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Studies on Regulatory and Procedural Barriers to Trade

UNECE studies on regulatory and procedural barriers to trade are demand-driven, conducted upon the request of member States, to support economic diversification and pro-poor growth in the region. The studies are based on a comprehensive evaluation methodology.  The methodology, available in English and Russian, is geared to  assist countries establish the required instuitional and legislative framework for  ensuring successful integration into regional and global supply chains; promotes information exchange among countries on policies and experiences; promotes greater accountability and transparency; and informs  donors as to where assistance might be required.
The studies are undertaken within the context of a participatory approach, which brings together public and private sector stakeholders to ensure policy responsiveness and bring about consensus.  Read more... 
Studies in the global context
The studies  are conducted within the context of a participatory approach, whereby  public and private sector stakeholders  are brought together  under national review mechanisms as called for by the outcome document by the UN Summit to adopt the Post-2015 Development Agenda, in order to act as the UNECE counterpart throughout the assessment process.  The recommendations emerging from the studies  serve as a basis for monitoring, evaluation and reporting on progress made in achieving trade-related sustainable development targets. Most notable among these targets are correcting and preventing restrictions and distortions in global agricultural markets, listed as a means of implementation (MoI) target for SDG 2 on ending hunger and achieving food security; and, improving  market access for least developed countries, listed under SDG 17 on a global partnership for sustainable development. The Studies from Albania, Belarus, Kazakhstan, Kyrgyzstan and Tajikistan are available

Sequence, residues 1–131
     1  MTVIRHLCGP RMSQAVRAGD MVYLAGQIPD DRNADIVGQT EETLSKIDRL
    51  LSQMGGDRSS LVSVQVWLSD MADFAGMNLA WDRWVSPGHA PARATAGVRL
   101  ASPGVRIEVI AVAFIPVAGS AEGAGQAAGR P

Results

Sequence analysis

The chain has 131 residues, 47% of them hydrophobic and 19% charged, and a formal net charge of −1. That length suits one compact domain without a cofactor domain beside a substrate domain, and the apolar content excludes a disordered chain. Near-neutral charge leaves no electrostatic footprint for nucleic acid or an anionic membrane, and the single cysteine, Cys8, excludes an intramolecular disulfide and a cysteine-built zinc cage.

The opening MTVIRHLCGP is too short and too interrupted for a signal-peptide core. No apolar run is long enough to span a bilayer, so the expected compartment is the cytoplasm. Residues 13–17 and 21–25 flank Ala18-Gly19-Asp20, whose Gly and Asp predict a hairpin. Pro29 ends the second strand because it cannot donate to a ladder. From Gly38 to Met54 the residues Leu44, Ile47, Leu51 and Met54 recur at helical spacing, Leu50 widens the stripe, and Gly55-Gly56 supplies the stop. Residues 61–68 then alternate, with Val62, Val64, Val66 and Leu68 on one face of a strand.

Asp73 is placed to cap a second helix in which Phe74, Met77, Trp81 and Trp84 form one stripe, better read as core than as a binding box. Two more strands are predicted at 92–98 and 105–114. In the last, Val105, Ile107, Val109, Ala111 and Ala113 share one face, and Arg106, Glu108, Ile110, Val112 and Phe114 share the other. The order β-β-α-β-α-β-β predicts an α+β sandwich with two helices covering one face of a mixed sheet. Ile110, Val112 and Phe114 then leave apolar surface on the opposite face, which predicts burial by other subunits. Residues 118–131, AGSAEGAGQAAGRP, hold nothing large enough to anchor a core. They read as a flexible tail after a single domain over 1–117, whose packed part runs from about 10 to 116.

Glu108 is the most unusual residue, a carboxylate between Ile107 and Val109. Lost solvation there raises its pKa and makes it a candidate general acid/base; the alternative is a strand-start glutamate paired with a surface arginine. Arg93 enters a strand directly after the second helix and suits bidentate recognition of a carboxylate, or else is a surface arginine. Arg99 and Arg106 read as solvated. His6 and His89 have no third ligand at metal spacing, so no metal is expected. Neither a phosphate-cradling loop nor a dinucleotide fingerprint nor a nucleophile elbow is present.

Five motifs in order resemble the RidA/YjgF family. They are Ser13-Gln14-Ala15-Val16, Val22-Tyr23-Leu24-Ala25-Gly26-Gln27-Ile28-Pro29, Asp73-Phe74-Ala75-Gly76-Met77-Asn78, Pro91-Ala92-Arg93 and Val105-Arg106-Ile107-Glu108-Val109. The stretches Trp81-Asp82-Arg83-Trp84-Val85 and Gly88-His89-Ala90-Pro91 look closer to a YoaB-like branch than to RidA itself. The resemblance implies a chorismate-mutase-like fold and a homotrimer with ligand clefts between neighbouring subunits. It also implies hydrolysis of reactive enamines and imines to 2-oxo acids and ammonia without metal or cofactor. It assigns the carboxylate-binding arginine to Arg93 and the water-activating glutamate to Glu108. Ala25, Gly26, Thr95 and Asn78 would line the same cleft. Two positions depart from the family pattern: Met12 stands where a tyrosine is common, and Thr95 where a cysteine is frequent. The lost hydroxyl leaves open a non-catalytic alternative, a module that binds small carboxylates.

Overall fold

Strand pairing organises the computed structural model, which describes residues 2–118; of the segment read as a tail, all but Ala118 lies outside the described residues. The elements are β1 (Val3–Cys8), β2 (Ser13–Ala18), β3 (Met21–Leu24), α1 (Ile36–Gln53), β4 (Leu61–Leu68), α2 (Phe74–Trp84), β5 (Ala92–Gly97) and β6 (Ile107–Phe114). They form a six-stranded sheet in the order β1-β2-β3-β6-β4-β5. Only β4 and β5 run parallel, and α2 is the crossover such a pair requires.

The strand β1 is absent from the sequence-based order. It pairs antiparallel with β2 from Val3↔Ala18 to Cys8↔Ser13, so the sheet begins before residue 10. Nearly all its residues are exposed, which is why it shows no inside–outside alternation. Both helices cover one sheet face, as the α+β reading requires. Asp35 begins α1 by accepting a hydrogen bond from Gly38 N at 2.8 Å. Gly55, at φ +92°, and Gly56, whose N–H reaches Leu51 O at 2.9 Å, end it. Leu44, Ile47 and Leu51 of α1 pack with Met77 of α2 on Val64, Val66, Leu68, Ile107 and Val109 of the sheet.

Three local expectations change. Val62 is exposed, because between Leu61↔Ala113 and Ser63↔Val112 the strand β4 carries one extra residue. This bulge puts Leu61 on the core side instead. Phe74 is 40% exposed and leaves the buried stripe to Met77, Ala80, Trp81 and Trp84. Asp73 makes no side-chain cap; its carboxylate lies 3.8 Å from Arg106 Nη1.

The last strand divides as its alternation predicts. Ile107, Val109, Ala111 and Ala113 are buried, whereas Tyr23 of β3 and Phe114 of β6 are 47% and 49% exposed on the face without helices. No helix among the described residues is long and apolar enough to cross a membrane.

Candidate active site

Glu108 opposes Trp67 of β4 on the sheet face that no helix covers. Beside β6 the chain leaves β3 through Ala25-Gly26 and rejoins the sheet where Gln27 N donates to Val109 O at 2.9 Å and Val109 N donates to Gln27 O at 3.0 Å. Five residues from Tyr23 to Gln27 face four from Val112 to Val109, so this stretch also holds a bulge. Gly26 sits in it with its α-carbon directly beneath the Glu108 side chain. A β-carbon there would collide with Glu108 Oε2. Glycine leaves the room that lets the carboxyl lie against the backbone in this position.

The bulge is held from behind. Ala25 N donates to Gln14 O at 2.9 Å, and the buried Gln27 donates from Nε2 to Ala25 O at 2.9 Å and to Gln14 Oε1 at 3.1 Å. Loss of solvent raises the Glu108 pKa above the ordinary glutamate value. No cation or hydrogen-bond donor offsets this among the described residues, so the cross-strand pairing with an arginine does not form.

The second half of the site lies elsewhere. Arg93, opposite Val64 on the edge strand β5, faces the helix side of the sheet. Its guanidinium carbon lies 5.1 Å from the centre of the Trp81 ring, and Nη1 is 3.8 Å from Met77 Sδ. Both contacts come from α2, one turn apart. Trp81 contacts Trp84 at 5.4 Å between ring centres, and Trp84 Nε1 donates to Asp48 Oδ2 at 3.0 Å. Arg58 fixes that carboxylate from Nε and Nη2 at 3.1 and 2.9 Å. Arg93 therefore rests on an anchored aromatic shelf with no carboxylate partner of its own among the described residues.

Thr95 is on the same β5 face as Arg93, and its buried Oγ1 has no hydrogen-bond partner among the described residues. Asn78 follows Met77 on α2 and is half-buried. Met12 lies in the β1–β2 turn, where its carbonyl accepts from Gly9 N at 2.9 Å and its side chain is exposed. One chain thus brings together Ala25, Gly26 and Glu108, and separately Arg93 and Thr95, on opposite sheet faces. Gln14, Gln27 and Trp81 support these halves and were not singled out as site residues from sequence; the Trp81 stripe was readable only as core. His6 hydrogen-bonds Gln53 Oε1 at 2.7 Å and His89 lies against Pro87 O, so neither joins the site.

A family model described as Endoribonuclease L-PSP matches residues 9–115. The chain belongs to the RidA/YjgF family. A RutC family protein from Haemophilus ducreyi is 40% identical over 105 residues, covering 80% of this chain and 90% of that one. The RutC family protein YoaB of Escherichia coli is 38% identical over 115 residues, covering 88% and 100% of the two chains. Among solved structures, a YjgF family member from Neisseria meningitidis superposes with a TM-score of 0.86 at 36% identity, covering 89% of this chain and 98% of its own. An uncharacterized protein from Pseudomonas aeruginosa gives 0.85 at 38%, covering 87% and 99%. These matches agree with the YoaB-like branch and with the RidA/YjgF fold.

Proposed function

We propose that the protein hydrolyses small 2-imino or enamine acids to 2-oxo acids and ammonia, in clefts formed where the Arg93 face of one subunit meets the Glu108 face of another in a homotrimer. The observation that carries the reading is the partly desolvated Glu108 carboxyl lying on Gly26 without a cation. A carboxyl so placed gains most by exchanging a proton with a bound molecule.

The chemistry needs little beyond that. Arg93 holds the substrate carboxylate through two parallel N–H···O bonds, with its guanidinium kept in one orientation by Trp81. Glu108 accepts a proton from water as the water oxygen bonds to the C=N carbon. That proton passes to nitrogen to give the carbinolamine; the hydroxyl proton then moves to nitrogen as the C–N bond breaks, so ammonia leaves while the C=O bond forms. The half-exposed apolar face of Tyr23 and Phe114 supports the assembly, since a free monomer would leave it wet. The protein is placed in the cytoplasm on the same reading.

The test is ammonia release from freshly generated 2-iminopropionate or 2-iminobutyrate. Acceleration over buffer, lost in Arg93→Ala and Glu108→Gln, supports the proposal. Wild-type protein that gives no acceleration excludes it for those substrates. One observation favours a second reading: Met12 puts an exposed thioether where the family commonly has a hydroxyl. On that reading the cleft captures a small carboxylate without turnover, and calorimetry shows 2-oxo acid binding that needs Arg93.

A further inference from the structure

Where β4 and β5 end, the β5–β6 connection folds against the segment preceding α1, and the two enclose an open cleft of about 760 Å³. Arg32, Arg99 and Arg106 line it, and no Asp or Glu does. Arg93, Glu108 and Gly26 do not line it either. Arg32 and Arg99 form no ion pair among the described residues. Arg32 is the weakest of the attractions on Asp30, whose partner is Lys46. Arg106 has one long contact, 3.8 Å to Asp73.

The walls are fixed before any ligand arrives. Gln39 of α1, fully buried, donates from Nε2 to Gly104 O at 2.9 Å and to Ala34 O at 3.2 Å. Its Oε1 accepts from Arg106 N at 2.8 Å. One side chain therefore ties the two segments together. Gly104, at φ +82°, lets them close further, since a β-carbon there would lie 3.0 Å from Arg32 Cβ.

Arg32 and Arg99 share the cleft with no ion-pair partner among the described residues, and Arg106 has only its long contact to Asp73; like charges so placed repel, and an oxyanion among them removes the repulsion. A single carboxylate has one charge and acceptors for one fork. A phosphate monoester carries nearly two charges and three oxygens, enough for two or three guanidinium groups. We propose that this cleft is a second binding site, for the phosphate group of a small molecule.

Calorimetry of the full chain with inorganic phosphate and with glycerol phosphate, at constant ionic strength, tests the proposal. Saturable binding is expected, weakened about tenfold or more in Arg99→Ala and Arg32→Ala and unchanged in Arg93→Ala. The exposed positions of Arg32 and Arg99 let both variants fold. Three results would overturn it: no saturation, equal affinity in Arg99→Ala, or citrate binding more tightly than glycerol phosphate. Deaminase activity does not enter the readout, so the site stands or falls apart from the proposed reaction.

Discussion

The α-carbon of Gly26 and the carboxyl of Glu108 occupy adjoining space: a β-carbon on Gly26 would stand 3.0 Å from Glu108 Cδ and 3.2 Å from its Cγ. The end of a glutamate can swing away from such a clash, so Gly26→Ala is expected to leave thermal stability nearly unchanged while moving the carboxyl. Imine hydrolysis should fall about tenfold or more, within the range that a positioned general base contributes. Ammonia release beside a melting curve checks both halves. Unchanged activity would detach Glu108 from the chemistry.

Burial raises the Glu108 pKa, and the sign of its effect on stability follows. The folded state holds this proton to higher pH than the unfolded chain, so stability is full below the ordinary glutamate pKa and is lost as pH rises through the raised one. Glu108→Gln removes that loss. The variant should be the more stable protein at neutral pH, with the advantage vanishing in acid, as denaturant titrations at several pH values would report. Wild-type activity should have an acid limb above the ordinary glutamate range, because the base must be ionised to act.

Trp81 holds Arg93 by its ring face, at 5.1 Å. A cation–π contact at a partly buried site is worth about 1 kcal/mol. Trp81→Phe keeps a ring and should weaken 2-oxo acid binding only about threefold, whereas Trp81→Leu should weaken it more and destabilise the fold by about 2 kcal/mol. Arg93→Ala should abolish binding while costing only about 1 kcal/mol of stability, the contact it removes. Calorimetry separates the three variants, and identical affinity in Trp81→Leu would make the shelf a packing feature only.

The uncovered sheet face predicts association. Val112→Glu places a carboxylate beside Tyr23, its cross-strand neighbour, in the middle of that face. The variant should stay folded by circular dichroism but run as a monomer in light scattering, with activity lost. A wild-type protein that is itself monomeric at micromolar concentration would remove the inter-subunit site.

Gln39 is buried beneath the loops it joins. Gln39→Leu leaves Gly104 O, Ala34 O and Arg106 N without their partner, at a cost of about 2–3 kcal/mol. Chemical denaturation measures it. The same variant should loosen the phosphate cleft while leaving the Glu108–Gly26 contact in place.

Thematic Publication

Drawing on UNECE studies on regulatory and procedural barriers to trade, this paper shows such barriers reflect deep-seated systemic capacity shortfalls at the macro level of policy and legislation, the meso level of institutions and the micro level of enterprises. They not only result in food loss and food waste, but also set the limits to agricultural development and trade opportunities. The paper also provides recommendations for gearing non-tariff measures to support the reduction of food waste-food loss in a manner that is consistent with the 2030 Agenda concept of trade as a “means of implementation”.

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